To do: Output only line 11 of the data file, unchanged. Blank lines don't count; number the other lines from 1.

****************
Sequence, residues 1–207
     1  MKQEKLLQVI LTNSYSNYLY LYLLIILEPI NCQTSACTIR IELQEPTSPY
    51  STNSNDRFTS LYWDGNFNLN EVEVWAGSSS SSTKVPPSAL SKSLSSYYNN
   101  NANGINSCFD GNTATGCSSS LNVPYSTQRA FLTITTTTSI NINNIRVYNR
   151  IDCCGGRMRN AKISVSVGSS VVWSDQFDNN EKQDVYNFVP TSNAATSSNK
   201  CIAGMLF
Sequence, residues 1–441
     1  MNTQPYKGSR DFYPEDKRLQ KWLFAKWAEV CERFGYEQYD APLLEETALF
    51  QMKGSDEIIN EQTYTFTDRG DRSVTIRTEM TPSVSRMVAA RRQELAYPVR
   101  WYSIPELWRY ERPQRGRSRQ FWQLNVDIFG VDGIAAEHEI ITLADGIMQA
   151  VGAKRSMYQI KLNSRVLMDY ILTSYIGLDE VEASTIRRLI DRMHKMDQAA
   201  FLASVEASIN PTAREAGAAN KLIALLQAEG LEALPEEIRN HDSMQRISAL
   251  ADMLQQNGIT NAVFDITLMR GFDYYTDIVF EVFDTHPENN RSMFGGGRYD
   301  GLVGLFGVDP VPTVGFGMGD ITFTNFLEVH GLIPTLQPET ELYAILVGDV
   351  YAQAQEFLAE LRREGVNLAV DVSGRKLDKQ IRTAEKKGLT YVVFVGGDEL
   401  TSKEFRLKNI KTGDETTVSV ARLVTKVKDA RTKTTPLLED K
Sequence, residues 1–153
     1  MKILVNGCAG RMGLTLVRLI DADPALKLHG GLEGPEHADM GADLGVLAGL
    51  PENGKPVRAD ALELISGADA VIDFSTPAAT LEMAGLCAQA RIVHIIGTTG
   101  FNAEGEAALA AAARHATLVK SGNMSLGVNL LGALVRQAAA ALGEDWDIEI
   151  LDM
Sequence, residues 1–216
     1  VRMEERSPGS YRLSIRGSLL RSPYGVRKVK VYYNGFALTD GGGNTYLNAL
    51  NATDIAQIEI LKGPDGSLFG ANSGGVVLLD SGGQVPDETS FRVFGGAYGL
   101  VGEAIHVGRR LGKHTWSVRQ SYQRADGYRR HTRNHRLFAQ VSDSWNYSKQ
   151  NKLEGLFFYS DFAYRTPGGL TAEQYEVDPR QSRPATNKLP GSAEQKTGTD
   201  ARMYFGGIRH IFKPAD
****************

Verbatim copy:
   151  VGAKRSMYQI KLNSRVLMDY ILTSYIGLDE VEASTIRRLI DRMHKMDQAA